In February 2017, the World Water-Tech Innovation Summit returned to London for the 6th year, focused on the need for greater collaboration between stakeholders in creating a better approach to future water sustainability. The importance of this year’s meeting could not be underestimated. As the delegates shared their knowledge networks, it was appreciated that access to water remained a major issue for billions of people.

Water crises are the biggest threat to global security. Unprecedented water shortages, flooding and environmental degradation have created inequalities across the world. The World Economic Forum Global Risks 2015 report listed water as the top risk to global socio-economic development. Today, we face serious issues about how we deal with not only the current, but future challenges of water sustainability. From severe droughts in Africa, ice melts in the Antarctica, and unusual temperature variations in many other parts of the world, adverse impact are undeniable. Similarly, growing global population is increasing the shocks and stresses, adding to the vulnerability of local communities.

Society’s need for water is vital, at the epicentre of our livelihood and human survival. As we face these challenges, there is need to develop new ways to test drought resilience of supply systems taking into account increased urbanisation and other impacts. Engaging some of the world’s leading companies will support the development of innovative and sustainable integrated water plans, build resilience and critical water infrastructure. As an example, Amec Foster Wheeler helps clients tackle the issues head on, bringing global expertise to water policies, planning and engineering.

Collaborative research will secure the future

But, more can be done. Collaborative research into efficient water management will steer innovation priorities. It offers environmental and economic benefits in the context of rising populations, which is expected to put water supplies under further strain. Yet, to achieve these goals requires substantial investment and commitment. A clear winner is NERC, the UK’s largest funder of independent environmental science, training and innovation, delivered through university research centres. The organisation collaborates with India’s Ministry of Earth Sciences on a £6 million research program on sustainable water resources using ‘whole systems’ approach to develop models that can forecast future trends and the impact of climate change, land-use, population growth and urbanisation on water resources. If successful, it will help deliver India’s aim of sustainably managing water resources. And, that’s not all. A new £10 million NERC investment will enable scientists work on research projects to shed light on how life in the Arctic Ocean is coping with environmentally dramatic changes. Understanding how marine life responds, today, would most certainly help scientists predict future changes.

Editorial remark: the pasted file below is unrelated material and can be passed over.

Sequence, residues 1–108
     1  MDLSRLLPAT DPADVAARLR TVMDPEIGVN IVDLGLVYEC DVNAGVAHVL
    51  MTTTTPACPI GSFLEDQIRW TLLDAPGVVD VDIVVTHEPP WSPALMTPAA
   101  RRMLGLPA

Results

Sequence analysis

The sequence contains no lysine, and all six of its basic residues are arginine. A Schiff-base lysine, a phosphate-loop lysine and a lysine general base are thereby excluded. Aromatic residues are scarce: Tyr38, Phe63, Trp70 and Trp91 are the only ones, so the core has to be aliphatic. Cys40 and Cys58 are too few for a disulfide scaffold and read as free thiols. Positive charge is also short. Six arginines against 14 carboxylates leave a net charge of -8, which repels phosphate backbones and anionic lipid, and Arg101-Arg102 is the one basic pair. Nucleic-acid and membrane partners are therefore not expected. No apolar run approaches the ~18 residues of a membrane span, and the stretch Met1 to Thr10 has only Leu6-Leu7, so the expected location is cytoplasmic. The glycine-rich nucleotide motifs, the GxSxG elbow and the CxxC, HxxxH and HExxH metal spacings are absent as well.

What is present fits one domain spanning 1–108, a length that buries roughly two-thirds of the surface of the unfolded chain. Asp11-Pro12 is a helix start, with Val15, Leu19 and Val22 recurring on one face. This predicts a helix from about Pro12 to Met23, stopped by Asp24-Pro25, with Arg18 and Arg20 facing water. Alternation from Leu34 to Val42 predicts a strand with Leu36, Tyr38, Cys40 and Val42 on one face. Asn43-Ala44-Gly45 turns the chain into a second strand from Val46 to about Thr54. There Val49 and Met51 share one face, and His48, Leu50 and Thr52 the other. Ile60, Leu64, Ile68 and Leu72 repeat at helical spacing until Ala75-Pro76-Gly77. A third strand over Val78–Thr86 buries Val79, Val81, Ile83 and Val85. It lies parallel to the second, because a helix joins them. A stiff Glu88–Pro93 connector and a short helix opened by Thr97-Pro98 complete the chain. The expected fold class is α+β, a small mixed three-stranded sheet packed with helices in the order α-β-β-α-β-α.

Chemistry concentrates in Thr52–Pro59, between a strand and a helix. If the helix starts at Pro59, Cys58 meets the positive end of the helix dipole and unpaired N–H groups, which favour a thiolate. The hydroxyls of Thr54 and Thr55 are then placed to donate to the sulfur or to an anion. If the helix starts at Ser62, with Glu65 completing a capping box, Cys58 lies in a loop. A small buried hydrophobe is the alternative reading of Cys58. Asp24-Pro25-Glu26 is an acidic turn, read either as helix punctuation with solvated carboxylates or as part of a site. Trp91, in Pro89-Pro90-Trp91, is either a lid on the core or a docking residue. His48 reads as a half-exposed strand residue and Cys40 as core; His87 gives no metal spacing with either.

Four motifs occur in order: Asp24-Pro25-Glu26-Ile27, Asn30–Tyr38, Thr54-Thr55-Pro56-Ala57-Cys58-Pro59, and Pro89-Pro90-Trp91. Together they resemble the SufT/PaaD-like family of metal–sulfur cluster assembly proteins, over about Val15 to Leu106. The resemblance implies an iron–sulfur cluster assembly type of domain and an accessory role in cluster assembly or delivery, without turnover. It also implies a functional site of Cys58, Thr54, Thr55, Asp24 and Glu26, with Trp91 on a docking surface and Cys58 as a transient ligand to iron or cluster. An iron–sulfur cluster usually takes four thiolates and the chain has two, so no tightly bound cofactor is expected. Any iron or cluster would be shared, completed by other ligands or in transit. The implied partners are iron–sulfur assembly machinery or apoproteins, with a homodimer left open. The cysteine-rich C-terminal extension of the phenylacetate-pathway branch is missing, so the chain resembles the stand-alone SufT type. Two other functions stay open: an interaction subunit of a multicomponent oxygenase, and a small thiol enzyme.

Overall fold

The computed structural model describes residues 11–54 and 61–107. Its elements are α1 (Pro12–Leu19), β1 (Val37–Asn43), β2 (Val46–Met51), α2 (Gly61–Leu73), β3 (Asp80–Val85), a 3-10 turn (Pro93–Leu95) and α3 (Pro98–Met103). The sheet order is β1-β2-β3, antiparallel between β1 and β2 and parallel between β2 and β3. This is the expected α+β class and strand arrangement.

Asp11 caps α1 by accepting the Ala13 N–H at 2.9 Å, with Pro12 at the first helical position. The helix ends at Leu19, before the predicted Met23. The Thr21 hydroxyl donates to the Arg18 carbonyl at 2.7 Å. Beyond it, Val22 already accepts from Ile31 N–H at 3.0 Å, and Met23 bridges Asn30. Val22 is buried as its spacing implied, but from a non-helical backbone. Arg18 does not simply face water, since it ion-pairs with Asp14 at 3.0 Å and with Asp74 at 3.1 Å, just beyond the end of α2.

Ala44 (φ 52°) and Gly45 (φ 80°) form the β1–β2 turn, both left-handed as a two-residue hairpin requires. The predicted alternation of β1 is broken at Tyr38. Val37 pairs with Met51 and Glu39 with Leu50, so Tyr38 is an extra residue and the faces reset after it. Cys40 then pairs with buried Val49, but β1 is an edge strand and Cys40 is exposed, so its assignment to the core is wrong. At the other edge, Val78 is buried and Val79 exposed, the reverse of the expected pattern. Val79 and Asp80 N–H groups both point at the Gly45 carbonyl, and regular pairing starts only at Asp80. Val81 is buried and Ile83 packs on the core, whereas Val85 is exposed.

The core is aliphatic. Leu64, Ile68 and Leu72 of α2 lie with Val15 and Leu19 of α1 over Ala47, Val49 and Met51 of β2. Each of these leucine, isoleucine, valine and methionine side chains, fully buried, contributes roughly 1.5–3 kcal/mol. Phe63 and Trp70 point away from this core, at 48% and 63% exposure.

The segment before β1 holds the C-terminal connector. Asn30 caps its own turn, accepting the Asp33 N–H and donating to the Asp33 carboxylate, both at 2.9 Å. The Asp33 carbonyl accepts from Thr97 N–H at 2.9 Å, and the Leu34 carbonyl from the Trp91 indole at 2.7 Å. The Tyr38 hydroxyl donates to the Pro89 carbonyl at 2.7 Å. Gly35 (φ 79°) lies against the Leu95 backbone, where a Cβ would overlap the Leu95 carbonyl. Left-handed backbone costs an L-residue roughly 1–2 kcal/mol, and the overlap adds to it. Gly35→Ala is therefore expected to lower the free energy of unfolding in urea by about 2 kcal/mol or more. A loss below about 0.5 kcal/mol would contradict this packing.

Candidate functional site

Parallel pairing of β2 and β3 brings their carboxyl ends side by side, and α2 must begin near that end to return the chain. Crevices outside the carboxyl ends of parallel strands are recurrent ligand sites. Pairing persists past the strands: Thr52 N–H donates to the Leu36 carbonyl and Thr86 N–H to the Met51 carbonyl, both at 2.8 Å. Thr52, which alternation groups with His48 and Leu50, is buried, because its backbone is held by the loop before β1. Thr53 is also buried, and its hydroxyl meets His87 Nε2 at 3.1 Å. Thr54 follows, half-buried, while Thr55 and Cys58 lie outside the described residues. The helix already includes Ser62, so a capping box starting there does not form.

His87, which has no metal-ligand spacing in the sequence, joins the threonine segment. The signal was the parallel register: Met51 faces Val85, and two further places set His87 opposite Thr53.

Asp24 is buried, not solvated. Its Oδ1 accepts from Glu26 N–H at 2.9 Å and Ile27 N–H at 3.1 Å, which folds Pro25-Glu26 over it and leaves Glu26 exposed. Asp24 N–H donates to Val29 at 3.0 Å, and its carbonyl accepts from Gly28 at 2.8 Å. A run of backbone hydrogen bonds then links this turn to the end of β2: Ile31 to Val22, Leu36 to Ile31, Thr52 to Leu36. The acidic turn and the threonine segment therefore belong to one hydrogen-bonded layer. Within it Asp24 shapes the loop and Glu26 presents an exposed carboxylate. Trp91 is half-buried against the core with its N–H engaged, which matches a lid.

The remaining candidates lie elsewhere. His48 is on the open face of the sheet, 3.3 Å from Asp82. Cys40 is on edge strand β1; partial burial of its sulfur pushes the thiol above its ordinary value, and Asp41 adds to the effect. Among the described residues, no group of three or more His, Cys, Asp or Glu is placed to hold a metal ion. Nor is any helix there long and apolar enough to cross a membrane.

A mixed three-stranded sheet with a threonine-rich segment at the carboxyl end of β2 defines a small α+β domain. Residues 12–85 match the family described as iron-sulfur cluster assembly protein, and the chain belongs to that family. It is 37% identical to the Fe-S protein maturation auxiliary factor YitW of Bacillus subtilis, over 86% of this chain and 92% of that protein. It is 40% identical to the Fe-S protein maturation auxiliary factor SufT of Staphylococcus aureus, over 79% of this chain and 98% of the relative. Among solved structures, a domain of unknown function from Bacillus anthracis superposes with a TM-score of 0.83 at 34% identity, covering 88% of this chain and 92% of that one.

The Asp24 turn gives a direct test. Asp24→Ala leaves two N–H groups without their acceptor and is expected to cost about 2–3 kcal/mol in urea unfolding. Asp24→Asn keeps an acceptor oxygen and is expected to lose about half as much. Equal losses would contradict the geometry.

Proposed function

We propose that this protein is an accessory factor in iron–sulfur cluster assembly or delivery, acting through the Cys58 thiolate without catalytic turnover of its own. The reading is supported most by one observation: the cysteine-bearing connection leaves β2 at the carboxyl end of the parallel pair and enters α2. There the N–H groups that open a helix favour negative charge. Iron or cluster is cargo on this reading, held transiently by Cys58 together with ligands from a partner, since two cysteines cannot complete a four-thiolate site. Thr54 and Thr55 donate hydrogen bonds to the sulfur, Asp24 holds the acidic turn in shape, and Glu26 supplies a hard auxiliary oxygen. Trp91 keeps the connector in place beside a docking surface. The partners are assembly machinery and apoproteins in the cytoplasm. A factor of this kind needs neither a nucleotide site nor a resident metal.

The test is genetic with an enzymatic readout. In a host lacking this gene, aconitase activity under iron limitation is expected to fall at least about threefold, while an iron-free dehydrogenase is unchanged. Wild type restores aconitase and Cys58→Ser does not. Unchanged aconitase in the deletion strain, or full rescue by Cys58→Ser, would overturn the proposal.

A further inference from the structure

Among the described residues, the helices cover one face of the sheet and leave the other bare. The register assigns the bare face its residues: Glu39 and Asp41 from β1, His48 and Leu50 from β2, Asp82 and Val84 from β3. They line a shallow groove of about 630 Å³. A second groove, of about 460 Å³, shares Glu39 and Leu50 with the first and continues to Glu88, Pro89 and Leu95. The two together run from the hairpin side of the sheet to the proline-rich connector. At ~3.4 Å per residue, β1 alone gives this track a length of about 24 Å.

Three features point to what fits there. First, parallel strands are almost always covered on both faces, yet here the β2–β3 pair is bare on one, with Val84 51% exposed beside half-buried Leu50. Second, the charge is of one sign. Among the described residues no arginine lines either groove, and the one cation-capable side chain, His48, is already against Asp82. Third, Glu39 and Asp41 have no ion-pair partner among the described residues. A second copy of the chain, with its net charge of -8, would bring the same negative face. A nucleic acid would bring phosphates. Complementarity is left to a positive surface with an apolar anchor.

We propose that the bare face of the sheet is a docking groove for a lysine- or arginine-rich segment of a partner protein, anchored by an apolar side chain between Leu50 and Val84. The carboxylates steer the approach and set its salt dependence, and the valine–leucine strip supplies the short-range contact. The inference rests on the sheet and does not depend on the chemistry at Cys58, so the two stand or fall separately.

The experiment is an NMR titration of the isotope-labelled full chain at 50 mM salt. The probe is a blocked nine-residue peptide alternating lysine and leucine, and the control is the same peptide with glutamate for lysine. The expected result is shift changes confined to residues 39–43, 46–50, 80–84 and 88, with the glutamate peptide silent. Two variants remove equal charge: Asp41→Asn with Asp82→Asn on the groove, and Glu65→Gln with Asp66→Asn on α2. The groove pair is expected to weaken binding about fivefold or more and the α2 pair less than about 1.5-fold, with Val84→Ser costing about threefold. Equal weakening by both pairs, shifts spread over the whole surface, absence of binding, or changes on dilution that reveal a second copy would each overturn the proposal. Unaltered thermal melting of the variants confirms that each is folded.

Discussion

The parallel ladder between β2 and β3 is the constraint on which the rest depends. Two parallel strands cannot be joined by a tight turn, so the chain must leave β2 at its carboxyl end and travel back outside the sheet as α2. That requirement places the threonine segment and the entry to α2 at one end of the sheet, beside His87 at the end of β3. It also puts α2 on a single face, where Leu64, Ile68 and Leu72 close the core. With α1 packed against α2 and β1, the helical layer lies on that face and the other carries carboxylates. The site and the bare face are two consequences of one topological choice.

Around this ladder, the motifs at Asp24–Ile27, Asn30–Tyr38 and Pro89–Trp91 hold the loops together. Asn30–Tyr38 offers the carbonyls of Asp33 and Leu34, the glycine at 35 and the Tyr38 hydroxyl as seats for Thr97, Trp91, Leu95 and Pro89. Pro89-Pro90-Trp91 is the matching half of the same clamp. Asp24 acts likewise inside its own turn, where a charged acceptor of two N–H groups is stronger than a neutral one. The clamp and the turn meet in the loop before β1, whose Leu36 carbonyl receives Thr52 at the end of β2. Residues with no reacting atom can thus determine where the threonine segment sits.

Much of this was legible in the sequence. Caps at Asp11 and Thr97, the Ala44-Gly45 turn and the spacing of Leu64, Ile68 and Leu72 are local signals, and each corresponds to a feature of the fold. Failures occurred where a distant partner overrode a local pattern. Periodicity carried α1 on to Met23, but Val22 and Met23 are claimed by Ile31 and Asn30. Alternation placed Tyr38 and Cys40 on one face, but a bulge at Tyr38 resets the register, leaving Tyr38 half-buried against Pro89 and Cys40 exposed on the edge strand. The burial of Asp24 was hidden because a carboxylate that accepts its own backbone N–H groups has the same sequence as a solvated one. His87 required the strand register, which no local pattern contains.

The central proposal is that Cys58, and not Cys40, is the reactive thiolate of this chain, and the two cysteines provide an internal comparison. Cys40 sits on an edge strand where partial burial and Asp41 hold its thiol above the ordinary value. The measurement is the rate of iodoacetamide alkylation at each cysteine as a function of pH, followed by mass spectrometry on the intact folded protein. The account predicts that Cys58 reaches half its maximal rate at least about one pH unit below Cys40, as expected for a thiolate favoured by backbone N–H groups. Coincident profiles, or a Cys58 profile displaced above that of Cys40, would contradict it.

Climate Change poses a big challenge

There are persistent challenges to addressing the lack of alignment between research and development, to create new opportunities and commercialise marketable products. Still, a fragmented industry offers huge opportunities for the water technology industry as well as the fields of energy, food security, ecosystem services and resilience hazards. Developing these opportunities will produce substantial collateral benefits, including carbon reduction and secure agricultural production. To achieve that, every nation needs a fresh vision to secure its water supplies for future generations, in the face of climate and demographic change. Water, being vital for our health and welfare will enable the technology advancement to food security and ecosystem services. There is a need to build resiliency and accelerate the pace of innovation. To achieve that will require a new approach to designing infrastructure and investment models. Well-coordinated strategies could create a sharp focus on commercial opportunities aligned with customer needs, and inevitably lead to water sustainability driving global socio-economic growth.

Keys to success: Investment and Innovation

There is no doubt that success may lie with increasing investments in infrastructure. For example, Smart irrigation will mean using less water and delivering higher crop yields through soil-moisture monitoring and drip irrigation. Smart distribution will also achieve better leakage detection, and Smart water usage will optimise rainwater harvesting as well as systems for recycling wastewater. Technological innovation, albeit disruptive, is pivotal to achieving transformative long-term success. A case in point, is in the emerging markets, where mobile communications have enabled low income consumers to make payments remotely for water, sanitation and other utility services.

By 2050, it’s estimated that global agricultural output will need to increase by 60% on current levels to meet demand for food. Agricultural output on such a scale will put an increased strain on resources such as water, with lack of fresh water already being an acute problem. As a result, the use of desalination and seawater greenhouses as an alternative method of farming is expected to rise quickly to meet growing demand. In arid regions, desalination technologies powered by solar energy, can vastly expand water supplies. Falling input prices and increasing efficiency, particularly of solar PV now make this a unique business opportunity. Other technologies may have already been developed that could contribute to meeting the current challenges, but many more will be needed if global water sustainability goals are to be met.